Second, even granting the lack of information about Khan, how could Reliant enter a known and charted system and miss the evidence of the explosion of Ceti Alpha Six, and the wrong orbit of Ceti Alpha Five (which they mistake for Six somehow). How does Reliant's database not alert them to the problem? It must contain data that was updated or altered after Ceti Alpha Six exploded.

Third, how could Spock allow the crew of the Botany Bay to be marooned on a planet with such an unstable planet as Ceti Alpha Six a neighbor? Well, he wouldn't. There's just no way Spock misses something like that. Remember:

KHAN: Ceti Alpha Six exploded six months after we were left here.

Not much time. So the instability developed suddenly, shortly after Enterprise left the system.

So what's up? Patience. All will be revealed shortly...

Another mystery: When the Enterprise boarding party finds Terrell and Chekov aboard Regula One the following conversation about Khan occurs:

TERRELL: ... He's completely mad, Admiral. He blames you for the death of his wife.

KIRK: I know what he blames me for.

Now, how does Kirk know this? He's had exactly one conversation with Khan, since he left him on Ceti Alpha Five at the end of Space Seed, which was during the recent space battle. The closest they got to the topic was this:

KIRK: What is the meaning of this attack? ...

KHAN: Surely I have made my meaning plain. I mean to avenge myself upon you, Admiral.
But I wanted you to know first who it was who had beaten you!

That's it. So how does Kirk know what Khan blames him for? Khan didn't tell him, ergo he knew already. And how did he know already?

Well, we have one more piece of data. Kirk, unbeknownst to us all, is a hacker. When they're in the Genesis cave Kirk explains to Saavik how he came to be the one and only Starfleet cadet to beat the Kobayashi Maru scenario.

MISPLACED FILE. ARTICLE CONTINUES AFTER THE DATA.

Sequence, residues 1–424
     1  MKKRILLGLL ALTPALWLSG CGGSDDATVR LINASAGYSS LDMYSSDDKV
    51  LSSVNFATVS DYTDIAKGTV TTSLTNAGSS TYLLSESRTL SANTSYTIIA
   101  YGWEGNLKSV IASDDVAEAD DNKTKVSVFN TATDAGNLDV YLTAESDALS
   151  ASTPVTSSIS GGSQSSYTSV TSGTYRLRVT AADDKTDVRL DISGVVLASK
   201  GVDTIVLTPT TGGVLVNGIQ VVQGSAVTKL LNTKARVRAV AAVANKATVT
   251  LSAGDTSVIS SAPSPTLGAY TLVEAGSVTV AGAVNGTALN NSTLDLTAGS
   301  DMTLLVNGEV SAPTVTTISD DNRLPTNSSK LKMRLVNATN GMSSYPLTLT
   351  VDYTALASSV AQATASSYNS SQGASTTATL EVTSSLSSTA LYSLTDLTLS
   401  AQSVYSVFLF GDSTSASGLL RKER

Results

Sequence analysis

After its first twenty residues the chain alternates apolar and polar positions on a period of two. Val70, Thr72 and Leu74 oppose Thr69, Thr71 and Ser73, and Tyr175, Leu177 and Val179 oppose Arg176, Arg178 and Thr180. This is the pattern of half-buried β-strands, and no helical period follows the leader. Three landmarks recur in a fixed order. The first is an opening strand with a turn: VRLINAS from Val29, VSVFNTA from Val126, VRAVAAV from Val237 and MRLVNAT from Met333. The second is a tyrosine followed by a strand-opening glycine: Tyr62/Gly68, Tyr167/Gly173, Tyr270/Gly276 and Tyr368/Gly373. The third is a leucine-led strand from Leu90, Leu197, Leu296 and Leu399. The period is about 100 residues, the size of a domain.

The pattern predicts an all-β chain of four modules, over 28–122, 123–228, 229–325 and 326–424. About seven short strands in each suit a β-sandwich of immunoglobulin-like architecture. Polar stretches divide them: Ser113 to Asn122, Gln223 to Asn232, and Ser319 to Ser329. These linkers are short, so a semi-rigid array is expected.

KIRK: I reprogrammed the simulation so it was possible to rescue the ship.

And since no one has else ever succeeded in doing this, presumably it was a fairly difficult hack.

The Cold Hard Facts

So let's look at our facts and hypotheses:

  • Reliant's computer banks have no data on Khan or the Botany Bay crew. It was therefore deleted.
  • Reliant's computer banks have updated data on the Ceti Alpha system, but data which is not complete (misnumbered planets, for example).
  • Ceti Alpha Six exploded shortly after Enterprise's visit, and this was never discovered.
  • Kirk knows what Khan blames him for.
  • Kirk is a hacker of no mean ability.
What does this tell us? Simply this:

The Conspiracy Theory

Kirk secretly arranged for Ceti Alpha Six to be blown up, thus changing Ceti Alpha Five from an idyllic world into a hell hole. ("Try to asphyxiate me, will you, Khan?"). He later uses his position in the Starfleet Admiralty to alter the Starfleet database to remove all record of the crew of the Botany Bay and to hide the changes to the Ceti Alpha system from casual discovery.

KHAN: Admiral Kirk never bothered to check on our progress.

That's where Khan was wrong. Kirk checked up, all right. He knew. He enjoyed every minute of the suffering of the Botany Bay's crew. It was only a fluke that Kirk did not know of the Reliant's mission so that he could divert them.

Summary

The actions of James T. Kirk in this case are clear. He deliberately caused cruel and unusual punishment to be inflicted on the crew of Botany Bay and is indirectly responsible for all harmful events stemming from Reliant's contact with Khan.

Note: To the best of my knowledge, this theory is my own, original, paranoid, psychotic idea.
I enjoy this movie a great deal, despite the fact that I am now 18 years older than when I first saw it in the theater (I believe it was the old Merritt in Bridgeport, Connecticut). I enjoy it even more now that I am aware that the film is, without question, Moby Dick in space.

That this should be true of the plot is evident, as long as you assume that Khan is Ahab and Kirk is his white whale. Moby Dick took Ahab's leg, Kirk took (indirectly) Khan's wife, Marla McGivers. The mad and ultimately vain pursuit ends with disaster to Khan's ship, the death of his crew, and one final fling of an allegorical harpoon in the form of the Genesis Device. They even lift lines directly from Melville's book, such as Khan's last words:

"To the last, I grapple with thee; from hell's heart, I stab at thee; for hate's sake, I spit my last breath at thee."

These are the famous words Ahab utters before the whale takes him down. There is also the earlier paraphrase "I'll chase him 'round the moons of Nivea, and 'round the Antares maelstrom, and 'round perdition's flames before I give him up." The attentive viewer will also notice a bound copy of Moby Dick on a shelf inside the group's squalid hut on Ceti Alpha V. (BTW the novel is just as good as the movie, if not better--pick it up and give it a read!)